Fundamental principles of law preclude state boundaries from being affected by suits brought by individuals. Suits between private parties as to their interests in land cannot bind the states "with respect to any controversy they might have, now or in the future, as to the location of the boundaries between them, or as to their respective sovereignty over the land in question." Durfee v. Duke, supra at 115, 84 S. Ct. at 247.
No court, and certainly no state court, has the power to abrogate or modify interstate compacts approved by Congress. See Texas v. New Mexico, supra 462 U.S. at 564, 103 S. Ct. at 2565. No state court has the authority to declare the rights and interests of states over disputed territory especially when the dispute has apparently been resolved by an interstate compact. On the contrary, the cases suggest that it is only the United States Supreme Court that has that authority. In Texas v. New Mexico, the Court pointed out that the authority of the United States Supreme Court to resolve controversies between two states "extends to a suit by one state to enforce its compact with another state or to declare rights under a compact . . . If there is a compact, it is a law of the United States . . . and our first and last order of business is interpreting the compact." Id. at 567, 103 S. Ct. at 2567. See also Durfee v. Duke, supra 375 U.S. at 110, 84 S. Ct. at 244.
Plaintiffs cannot, therefore, through the medium of a lawsuit in a state court oust or curtail another state's exercise of jurisdiction over land, particularly when that jurisdiction is being exercised pursuant to the express terms of an interstate compact, a "law of the United States." This can be done, if at all, only through an action filed in the United States Supreme Court by a state which is a party to the compact. See Ohio v. Kentucky, supra 410 U.S. at 648, 93 S. Ct. at 1182; Texas v. New Mexico, supra 462 U.S. at 570, 103 S. Ct. at 2568.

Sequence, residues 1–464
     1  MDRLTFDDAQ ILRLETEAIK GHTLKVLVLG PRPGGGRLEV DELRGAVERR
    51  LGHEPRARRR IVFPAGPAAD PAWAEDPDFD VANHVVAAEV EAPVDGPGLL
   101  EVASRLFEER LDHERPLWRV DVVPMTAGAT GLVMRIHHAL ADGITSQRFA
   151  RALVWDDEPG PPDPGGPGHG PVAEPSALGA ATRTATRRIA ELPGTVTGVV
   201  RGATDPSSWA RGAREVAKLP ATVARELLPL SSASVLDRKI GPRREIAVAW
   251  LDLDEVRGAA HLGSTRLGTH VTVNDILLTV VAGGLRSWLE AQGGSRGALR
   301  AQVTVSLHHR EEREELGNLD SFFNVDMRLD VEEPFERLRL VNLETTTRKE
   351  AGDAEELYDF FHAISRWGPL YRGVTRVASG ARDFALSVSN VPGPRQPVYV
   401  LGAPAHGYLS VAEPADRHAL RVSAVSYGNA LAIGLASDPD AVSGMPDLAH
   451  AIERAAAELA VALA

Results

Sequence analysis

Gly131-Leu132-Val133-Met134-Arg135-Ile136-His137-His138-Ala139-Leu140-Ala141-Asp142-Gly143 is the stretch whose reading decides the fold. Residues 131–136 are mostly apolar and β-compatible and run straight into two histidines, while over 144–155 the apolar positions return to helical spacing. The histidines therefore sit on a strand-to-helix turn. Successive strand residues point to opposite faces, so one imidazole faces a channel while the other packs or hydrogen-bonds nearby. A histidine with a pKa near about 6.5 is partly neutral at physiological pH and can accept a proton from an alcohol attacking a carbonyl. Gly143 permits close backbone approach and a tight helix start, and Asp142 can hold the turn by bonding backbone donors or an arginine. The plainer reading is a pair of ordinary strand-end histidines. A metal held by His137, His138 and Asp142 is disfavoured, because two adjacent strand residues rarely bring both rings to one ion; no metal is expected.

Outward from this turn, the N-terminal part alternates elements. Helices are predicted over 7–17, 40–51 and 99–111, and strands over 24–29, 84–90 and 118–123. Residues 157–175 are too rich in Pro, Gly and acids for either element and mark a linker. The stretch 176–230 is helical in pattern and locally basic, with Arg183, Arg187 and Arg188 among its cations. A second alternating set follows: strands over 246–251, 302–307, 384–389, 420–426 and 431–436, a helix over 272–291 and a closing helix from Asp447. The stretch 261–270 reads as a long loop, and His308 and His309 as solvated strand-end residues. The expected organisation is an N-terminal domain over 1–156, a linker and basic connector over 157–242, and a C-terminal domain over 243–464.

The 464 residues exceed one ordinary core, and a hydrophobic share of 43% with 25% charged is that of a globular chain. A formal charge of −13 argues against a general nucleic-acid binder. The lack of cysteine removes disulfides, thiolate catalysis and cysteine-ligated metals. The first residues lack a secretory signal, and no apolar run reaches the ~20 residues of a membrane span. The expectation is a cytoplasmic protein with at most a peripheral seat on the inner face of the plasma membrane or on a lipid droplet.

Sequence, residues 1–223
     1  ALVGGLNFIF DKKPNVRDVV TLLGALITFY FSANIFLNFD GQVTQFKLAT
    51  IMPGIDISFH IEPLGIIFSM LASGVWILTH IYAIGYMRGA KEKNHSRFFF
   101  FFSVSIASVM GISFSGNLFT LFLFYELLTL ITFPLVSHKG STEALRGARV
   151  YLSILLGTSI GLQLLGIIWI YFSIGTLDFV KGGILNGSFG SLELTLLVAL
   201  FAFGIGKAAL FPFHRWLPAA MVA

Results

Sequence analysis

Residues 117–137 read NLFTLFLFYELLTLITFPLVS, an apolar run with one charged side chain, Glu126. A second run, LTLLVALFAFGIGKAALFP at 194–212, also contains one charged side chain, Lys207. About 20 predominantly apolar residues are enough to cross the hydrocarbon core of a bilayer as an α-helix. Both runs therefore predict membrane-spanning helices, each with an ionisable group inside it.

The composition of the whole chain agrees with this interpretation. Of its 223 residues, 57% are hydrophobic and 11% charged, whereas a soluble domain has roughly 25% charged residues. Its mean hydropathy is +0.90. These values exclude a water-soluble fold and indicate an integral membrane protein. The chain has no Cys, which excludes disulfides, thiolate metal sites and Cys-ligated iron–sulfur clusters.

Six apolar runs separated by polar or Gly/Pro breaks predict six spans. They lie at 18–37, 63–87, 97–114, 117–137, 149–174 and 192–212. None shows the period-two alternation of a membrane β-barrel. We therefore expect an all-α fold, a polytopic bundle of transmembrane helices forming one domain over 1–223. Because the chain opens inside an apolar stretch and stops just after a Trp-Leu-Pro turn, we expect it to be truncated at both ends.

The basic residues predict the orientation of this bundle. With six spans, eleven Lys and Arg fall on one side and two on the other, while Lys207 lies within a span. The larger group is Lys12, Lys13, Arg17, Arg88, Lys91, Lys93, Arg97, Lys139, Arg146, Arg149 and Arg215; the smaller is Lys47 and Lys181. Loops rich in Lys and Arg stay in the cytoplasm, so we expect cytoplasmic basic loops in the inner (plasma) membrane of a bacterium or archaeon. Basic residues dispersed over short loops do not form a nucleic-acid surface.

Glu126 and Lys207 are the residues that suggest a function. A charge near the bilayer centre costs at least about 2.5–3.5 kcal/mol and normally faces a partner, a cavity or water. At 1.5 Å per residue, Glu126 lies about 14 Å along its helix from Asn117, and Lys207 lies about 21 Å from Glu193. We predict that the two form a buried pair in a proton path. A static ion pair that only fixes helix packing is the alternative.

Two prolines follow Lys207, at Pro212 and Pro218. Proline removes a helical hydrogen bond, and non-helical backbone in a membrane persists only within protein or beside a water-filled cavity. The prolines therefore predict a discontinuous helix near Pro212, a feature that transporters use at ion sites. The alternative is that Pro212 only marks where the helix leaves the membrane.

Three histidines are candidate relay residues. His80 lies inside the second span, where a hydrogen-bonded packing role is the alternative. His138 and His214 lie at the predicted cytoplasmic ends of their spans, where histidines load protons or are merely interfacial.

Plaintiffs assert that the doctrine of sovereign immunity has had its day and should not be applied here. The immunity of the sovereign from suit springs from the inability at common law to sue the king in his own court without his consent. The king was at the zenith of the feudal hierarchy. He was not subject to suit elsewhere since there was no court higher than his own. See F. Pollock & F. Maitland, History of English Law (2 ed. 1899), 518. Much misconstrued is the phrase "A king can do no wrong." As the Magna Carta shows, a king is capable of and may, indeed, tend toward doing wrong. See also Shakespeare, King Richard the 3rd.
Procedures were, therefore, developed in England to redress the king's wrong and to secure a government under law. This was frequently done by the petition of right which the king could not rightfully refuse. See Crosswhite, "Comity Bows To Wall Street: Ehrlich-Bober v. University of Houston," 14 Conn.L.Rev. 369, 373 n. 27 (1983). In practice, "the king often endorsed on such petitions let justice be done" which empowered the courts to proceed. Case Comment, "Eleventh Amendment Does Not Preclude Suit Against One State In the Courts of A Sister State: Nevada v. Hall," 440 U.S. 410, 99 S. Ct. 1182, 59 L. Ed. 2d 416 (1979), 58 Wash. U.L.Q. 481, 482 (1980).
Notwithstanding these modifications in England, the doctrine of sovereign immunity took firm root in this country, and the states of this union have applied the doctrine in various contexts. However, even in the United States, sovereign immunity has probably never been applied in its "literal breadth." East Orange v. Palmer, 47 N.J. 307, 328 (1966). Moreover, in recent years it has lost some force. See Willis v. Dept. of Cons. & ...